Remind Me

Remind me that I feel better when I do this.

Remind me that everything is improved with a trip outside.

Remind me that the world is more bright and lovely midday when I step into the grass rather than tuck my toes under on the couch.

Remind me that all I have to do – ALL I have to do – is to get out of the way. To be silent and wonder. To ask the question and wait. To not turn my somersaults of confusion and anxiety trying to twist myself into already knowing what I do not yet know. To not justify my every action when they are all wrong because the only right one is to listen.

Remind me that it cannot all be mine, but look at what is.

Remind me that I would be overwhelmed with more anyway.

Remind me that it is the space between: the cool air, the ghost outline of a mostly round moon in the afternoon, the pine needles oddly tinkling like the sound of icicles in the spring breeze, the new baby-green buds born on the old dogwood branches.

Remind me that those trees in my yard have been there long before my comings and goings, my doings and not-doings, and they’ll be there, watching, long after. They are neither joyed nor dismayed by the antics of people in their yard, just observant.

Remind me to be observant, too.

Remind me to rest my face in a half-smile so as not to frown as I concentrate. I want to smile at what I’m considering, because if I’m going to frown, I want to do it on purpose.

Remind me to ask people questions about their lives.

Remind me to not interrupt.

Remind me that the world is spinning, and the ozone, and gravity, and revolution, and isn’t that all amazing when I remember to not take it for granted?

Remind me to stop avoiding what is difficult, because hiding it behind my back just makes it harder to hold.

Remind me to be careful.

Remind me to be purposeful, because so often I am not, and I allow myself the ease of being carried on the momentum of how-things-happen, forgetting that I have options: agency or complacency.

Remind me that “one day” backwards is “day one”.

Remind me that my parents are proud of the adult I’ve become. Remind me that I don’t have to act childlike for them.

Remind me that there is no rush. But also remind me to do a little every day.

Remind me to spend some time cleaning out the dusty old notes, files, boxes, and unused things. Remind me to unclutter my head, too.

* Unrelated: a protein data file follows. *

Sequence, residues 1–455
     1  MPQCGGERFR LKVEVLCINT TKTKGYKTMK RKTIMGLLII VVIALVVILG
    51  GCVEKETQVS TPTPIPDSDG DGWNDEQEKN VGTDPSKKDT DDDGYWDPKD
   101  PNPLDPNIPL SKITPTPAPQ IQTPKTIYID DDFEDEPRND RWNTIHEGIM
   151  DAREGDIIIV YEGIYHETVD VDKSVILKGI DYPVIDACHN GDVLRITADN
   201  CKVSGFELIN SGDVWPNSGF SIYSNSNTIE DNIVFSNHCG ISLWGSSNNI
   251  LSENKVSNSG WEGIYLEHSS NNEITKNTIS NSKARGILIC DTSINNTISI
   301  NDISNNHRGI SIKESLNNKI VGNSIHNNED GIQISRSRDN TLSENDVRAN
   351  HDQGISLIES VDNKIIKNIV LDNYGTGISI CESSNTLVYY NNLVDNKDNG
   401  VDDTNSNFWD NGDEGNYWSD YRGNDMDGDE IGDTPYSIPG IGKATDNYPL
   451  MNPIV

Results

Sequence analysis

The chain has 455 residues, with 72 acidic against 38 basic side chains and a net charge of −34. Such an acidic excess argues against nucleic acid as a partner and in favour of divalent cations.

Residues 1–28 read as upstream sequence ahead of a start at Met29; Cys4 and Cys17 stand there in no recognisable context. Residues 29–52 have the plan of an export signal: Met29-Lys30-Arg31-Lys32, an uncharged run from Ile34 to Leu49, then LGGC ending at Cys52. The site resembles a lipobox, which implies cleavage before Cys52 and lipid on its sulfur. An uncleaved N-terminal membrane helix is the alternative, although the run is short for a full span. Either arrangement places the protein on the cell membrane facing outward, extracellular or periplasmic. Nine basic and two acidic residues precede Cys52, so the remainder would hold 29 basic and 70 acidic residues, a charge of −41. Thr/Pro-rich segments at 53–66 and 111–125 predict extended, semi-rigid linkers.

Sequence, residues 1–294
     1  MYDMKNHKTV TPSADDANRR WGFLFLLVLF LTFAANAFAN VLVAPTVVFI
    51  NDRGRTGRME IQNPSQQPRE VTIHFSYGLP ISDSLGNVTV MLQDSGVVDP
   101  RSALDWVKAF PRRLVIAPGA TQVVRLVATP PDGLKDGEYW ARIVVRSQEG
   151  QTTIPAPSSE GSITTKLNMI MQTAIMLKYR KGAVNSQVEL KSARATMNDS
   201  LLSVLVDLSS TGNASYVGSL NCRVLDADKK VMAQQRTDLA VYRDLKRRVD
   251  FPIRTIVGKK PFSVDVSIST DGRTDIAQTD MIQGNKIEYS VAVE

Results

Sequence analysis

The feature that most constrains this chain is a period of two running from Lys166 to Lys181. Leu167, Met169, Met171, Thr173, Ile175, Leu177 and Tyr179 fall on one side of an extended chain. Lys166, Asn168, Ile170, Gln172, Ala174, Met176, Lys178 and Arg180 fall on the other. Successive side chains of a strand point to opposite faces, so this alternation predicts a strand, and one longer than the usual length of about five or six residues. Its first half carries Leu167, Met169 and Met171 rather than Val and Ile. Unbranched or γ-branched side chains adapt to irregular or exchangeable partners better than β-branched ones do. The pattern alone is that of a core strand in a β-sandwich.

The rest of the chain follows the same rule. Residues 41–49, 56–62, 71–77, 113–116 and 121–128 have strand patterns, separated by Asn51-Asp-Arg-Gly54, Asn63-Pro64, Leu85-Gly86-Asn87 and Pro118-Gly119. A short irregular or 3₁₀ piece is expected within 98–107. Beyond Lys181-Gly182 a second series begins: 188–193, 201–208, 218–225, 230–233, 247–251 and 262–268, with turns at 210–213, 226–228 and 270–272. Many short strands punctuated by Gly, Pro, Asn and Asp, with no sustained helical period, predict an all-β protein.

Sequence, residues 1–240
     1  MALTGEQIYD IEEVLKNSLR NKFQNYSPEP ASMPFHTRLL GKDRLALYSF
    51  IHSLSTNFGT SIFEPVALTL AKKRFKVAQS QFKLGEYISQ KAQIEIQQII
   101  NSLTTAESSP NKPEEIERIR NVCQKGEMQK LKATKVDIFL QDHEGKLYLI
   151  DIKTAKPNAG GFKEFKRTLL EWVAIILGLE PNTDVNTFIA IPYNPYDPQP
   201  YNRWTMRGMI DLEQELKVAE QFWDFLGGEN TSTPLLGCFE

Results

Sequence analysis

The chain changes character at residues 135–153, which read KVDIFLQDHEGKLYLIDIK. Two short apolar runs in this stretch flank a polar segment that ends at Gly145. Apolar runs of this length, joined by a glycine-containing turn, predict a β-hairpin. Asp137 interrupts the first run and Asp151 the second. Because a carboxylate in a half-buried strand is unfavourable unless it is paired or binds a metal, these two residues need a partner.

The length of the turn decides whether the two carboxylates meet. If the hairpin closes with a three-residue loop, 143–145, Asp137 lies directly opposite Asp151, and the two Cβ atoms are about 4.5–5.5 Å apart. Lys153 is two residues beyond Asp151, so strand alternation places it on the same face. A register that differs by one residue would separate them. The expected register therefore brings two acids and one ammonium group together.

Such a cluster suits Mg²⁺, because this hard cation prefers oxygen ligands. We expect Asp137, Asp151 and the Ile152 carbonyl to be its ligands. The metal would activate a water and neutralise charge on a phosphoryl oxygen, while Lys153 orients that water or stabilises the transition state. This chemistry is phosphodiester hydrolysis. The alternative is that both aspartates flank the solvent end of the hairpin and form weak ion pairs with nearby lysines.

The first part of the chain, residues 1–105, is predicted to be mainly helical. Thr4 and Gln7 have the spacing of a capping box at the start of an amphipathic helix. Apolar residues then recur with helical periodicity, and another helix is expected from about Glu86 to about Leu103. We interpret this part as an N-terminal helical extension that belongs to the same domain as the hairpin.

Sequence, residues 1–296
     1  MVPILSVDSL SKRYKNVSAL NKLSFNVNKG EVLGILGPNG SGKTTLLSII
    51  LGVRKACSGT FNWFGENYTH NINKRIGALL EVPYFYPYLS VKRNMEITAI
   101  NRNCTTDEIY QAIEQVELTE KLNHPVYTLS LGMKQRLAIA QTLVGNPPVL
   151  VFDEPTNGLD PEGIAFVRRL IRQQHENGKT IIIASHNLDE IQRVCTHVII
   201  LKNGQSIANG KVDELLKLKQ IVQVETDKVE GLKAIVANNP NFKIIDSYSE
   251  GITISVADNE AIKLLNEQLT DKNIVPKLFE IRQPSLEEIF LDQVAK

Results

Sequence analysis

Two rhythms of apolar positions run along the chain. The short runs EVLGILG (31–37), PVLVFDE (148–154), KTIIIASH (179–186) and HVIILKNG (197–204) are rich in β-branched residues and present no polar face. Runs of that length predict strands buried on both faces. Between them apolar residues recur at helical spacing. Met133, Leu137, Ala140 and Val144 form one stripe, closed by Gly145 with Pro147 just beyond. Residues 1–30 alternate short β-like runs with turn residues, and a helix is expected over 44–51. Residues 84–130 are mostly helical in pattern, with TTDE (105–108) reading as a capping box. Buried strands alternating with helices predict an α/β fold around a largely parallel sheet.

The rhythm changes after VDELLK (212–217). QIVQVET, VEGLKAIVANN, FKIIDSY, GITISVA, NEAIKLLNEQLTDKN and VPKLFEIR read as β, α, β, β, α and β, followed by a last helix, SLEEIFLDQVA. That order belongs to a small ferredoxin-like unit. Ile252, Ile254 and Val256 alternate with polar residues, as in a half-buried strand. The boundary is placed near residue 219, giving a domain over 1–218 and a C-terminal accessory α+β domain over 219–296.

Remind me that I want to learn to garden. But that I can start with something familiar like lavender or forsythia, and wait to tackle vegetables another year.

Remind me to keep the pen moving.

Remind me I’ll miss it all when I’m gone: the quiet classroom, the chaos when it’s full. The young minds shooting thoughts out in every unorganized direction like fireworks. Too loud, too scary, too much, and my responsibility to reign all that flash and fire in and make it into a timed, bright show, on schedule and in order.

But I already know that when I look back, I’ll first remember all that color and light and beauty, and I’ll need to be reminded of the slog.


An Exaltation of Larks

I have never quite figured out what I want this blog to be. I know that I am happy with what has been collected here, but I also know that I have been inconsistent, and perhaps that inconsistency comes from a lack of focus for this medium.

I know that I want a space to say that the sky is beautiful today. That the air is clear and fresh, the clouds thin and light, and the blue, generous.

My dear friend, Mike, once gave me a book called “An Exaltation of Larks”, and that is what I saw this morning. I don’t think the birds were actually larks, but the group’s shared lifting felt like an exaltation. A lifting of the heart, on wing, in joy.

I am in it right now. I am deep in the muck of figuring out this new day to day life with Coltrane and Maya and without my traditional day job. And I feel like I am getting somewhere: I am writing most every day, though not so much here; I am trying different forms and different things to say, things for me, not ready to be put out there yet. But I am finding my process.

I am working on house and home, routines with children. These are challenges more often than not. But I am beginning to own it.

And I am happy. I get frustrated, but I see beauty here, and I have never been more grateful and more aware that I have everything I have ever wanted.

I am exalted about our future prospects and the expansion of our lives – the lifting of our selves in joy.


This is what greeted us as we pulled into the neighborhood - we had to pull over and catch it. No filter.